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Jan 13, 2020
  • POLICE SHOOTING-LAWSUIT

ALBUQUERQUE, N.M. (AP) — A lawsuit accuses Albuquerque police of wrongfully killing a pipe-wielding man during a 2018 encounter in a home after officers found him hiding in a closet. The lawsuit filed Tuesday by 24-year-old Daniel Saavedra's sister says police should have tried to defuse the situation before entering the apartment and cornering  Saavedra. The Albuquerque Journal reports that lapel camera video shows officers shooting as 24-year-old Daniel Saavedra leapt out into an empty bedroom, swinging a metal pip near officers. Saavedra formerly lived in the apartment and police were called after he broke into it.  The lawsuit said Saavedra was suffering from psychosis. Police Department spokesman Gilbert Gallegos said the city's lawyers would respond to the lawsuit's allegations in court.

  • TEXAS JUDGE-DWI CASE DISMISSED

SANTA FE, N.M. (AP) — A judge has dismissed a case in New Mexico against a Texas judge accused of driving under the influence. KRQE-TV reported Friday that deputies from the Sante Fe County Sheriff's Office arrested El Paso Magistrate Judge Ray Gutierrez in October after he allegedly backed into another vehicle in the Santa Fe Opera parking lot. Authorities say Gutierrez performed poorly during field sobriety tests and had a blood alcohol content above the legal limit. Defense attorneys for Guiterrez say the state couldn't verify the authenticity of the video evidence. Officials say the judge suppressed that evidence and prosecutors dismissed the charges.

  • BORDER PATROL FREEZING CELLS

PHOENIX (AP) — The trial for a years-old lawsuit challenging detention conditions in Border Patrol stations is set to begin. The Border Patrol has faced scrutiny over the past year for reportedly dangerous and unsanitary conditions in its facilities as hundreds of thousands of migrants have come to the southern border. In Tucson, a judge is presiding over a trial for a lawsuit that was first filed in June 2015 and that targets the agency's Tucson Sector, which has eight stations in Arizona. Attorneys say migrants are held in unsanitary and freezing conditions with no access to medical care. The trial starts Monday.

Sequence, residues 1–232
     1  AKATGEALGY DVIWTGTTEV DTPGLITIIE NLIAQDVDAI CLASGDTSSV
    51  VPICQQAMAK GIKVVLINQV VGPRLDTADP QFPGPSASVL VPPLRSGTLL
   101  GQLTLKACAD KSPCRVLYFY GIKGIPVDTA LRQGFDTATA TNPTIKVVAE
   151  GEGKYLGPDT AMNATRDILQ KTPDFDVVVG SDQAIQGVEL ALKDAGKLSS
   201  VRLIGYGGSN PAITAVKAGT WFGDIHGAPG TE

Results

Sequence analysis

• AP-LT-MEXICO-BORDER-KILLINGS

LA MORA, Mexico (AP) — Mexico's president says a monument will be put up to memorialize nine U.S.-Mexican dual citizens ambushed and slain last year by drug gang assassins along a remote road near New Mexico. Andrés Manuel López Obrador said Sunday there is an agreement to establish a monument of some sort "where these lamentable and painful events took place." Officials also plan to recognize those who risked their lives to rush to the aid of victims. The community was shattered by the Nov. 4 killings of three women and six children. It has been in Mexico for generations and members consider themselves Mormons, though they are not affiliated with LDS church. 

  • IMMIGRATION-YUMA

YUMA, Ariz. (AP) — Trump administration officials on Friday touted the 100th mile of border wall since the president took office. The Yuma, Arizona, area has seen drastic highs and lows in migration over the last two years. Like the rest of the border it has seen fewer migrants in recent months. Acting Secretary of Homeland Security Chad Wolf responded to critics who say the new construction is only replacing old fencing. Wolf said the administration will build or start to build 400 to 450 miles by the end of the year. 

  • PREGNANT WOMEN SYPHILIS SCREENING

SANTA FE, N.M. (AP) — New Mexico health officials are ordering physicians and other medical professionals to step up screening of pregnant women for syphilis. The state Department of Health says an order issued Friday is intended to prevent prevent congenital syphilis. That's a disease that occurs when a mother with sexually transmitted syphilis passes the infection on to her baby during pregnancy. The federal Centers for Disease Control and Prevention has found that congenital syphilis has increased annually in the US since 2012. Under the order, medical professionals must test all pregnant women in their first and third trimesters and again at delivery. 

  • VOTER REGISTRATION DRIVE-NEW MEXICO

SANTA FE, N.M. (AP) — A nonpartisan group says targeted mailings that encourage voter registration are going out to one-in-eight residents of New Mexico. Broader registration among Latinos is one focus of the effort by the Center for Voter Information in the state with the highest ratio of Hispanics. The group brings big-data technology to bear on efforts to register populations that are underrepresented in elections. Young adults and single, unmarried women are another focus of the drive intended to increase overall voting. Center founder and president Page Gardner says the effort seeks to narrow the gap between those eligible to vote and those who are registered to vote.

  • FLU-NEW MEXICO

SANTA FE, N.M. (AP) — Health officials in New Mexico have confirmed the first death of a child due to the flu this season. The state Health Department says the 1-year-old boy was from Roosevelt County. Officials have recorded a total of 52 pneumonia and flu-related deaths since the start of the season in October. The health department is warning that flu is still spreading in all regions of the state and that peak activity hasn't been reached. The agency says this season is already unusual for how early the illness became widespread and vaccinations are recommended.